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Tissue Digestion - Technical Information

> Composition of Mammals
> Digestion of Radioiodine Labeled Tissues
> Efficacy Testing Results
> Formaldehyde Destruction
> Prion Destruction
> The Effect on Plant and Animal Tissues
> Water Usage

Digestion of Radioiodine Labeled Tissues

Among the most difficult biological wastes to deal with are tissues and carcasses that have been generated in biomedical and pharmaceutical research that contain minute amounts of radioactive isotopes that had been injected into animals to study cell and tissue function, drug localization and metabolism, and toxin localization. To meet Federal and state regulations for disposal of solid LLRBW, whole carcasses of small animals must be packed in lime and an adsorbant, then sealed in a 30 gal can. The 30 gallon cans hold approximately 25 kg of animal carcasses. Therefore, large animals must be dismembered and otherwise butchered for packing of their parts into multiple 30 gallon cans. Each 30 gallon can must then be packed in a 55 gal drum, also filled with adsorbant, and shipped to a licensed low-level radioactive waste (LLRW) burial site. There are only two such sites currently operating in the United States, one of which, in Hanford, Washington, is limited to accepting LLRW only from the Northwest and Rocky Mountain states and the other, in Barnwell, South Carolina, accepts only limited amounts of LLRW from states other than South Carolina, Vermont, and Connecticut (the Atlantic Compact). The cost for shipping and burying each 55 gal drum containing the can of radioactive carcasses is currently nearly $200.00 per kilogram at Barnwell and is scheduled to increase rapidly with surcharges until Barnwell closes its doors to out-of-compact waste in 2008.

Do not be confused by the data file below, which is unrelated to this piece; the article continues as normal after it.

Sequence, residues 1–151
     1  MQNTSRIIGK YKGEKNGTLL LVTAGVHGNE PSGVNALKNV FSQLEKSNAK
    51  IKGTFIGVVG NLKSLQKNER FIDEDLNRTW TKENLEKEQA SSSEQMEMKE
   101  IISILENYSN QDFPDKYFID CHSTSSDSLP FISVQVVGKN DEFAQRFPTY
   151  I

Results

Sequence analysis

However, it must be emphasized that the amount of radioisotope in each animal is usually such that, if it were in an aqueous solution, could be released to a sanitary sewer and meet all Federal and state regulations. 10 CFR 20 and state regulations derived from it list the maximum permissible sewer disposal concentrations, as well as weekly and yearly release limits, for over 500 radionuclides.

In contrast, to the disposal process described above, the WR2 Process converts animal tissues and carcasses from solid low-level radioactive biological waste (LLRBW) to an aqueous solution that is suitable for release to a sanitary sewer under 10 CFR 20 and derivative state regulations and does so at a cost of $0.07-$0.13 per kilogram*. The graph and table below summarize the results of one of the experiments used to demonstrate the validity of this procedure, which led the New York State Department of Environmental Conservation to approve the use of the WR2 Model 100 Tissue Digestor for disposal of radioactive animal carcasses at the Albany Medical College. Radioiodine was used in this experiment because of its ease of measurement, although several other isotopes, notably 3H and 14C, were also tested in the validation studies.

The College has been using the Tissue Digestor since 1994, not only saving the cost of shipment and burial of radioactive biological waste, but attracting funded grants and contracts that involve the use of isotopically labeled compounds in whole animal studies because it is able to dispose of the carcasses safely, efficiently and economically.

Analysis of Digestion of 125I- and 131I- Labeled Animal Carcasses by Alkaline Hydrolysis

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Analysis of Digestion by Alkaline Hydrolysis of 125I/ml and 131I/ml Labeled Animal Carcasses

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Bone seeking isotopes, such as 45calcium and 90strontium, remain with the bone shadows, which can be disposed of as dry active waste as defined by 10 CFR 61.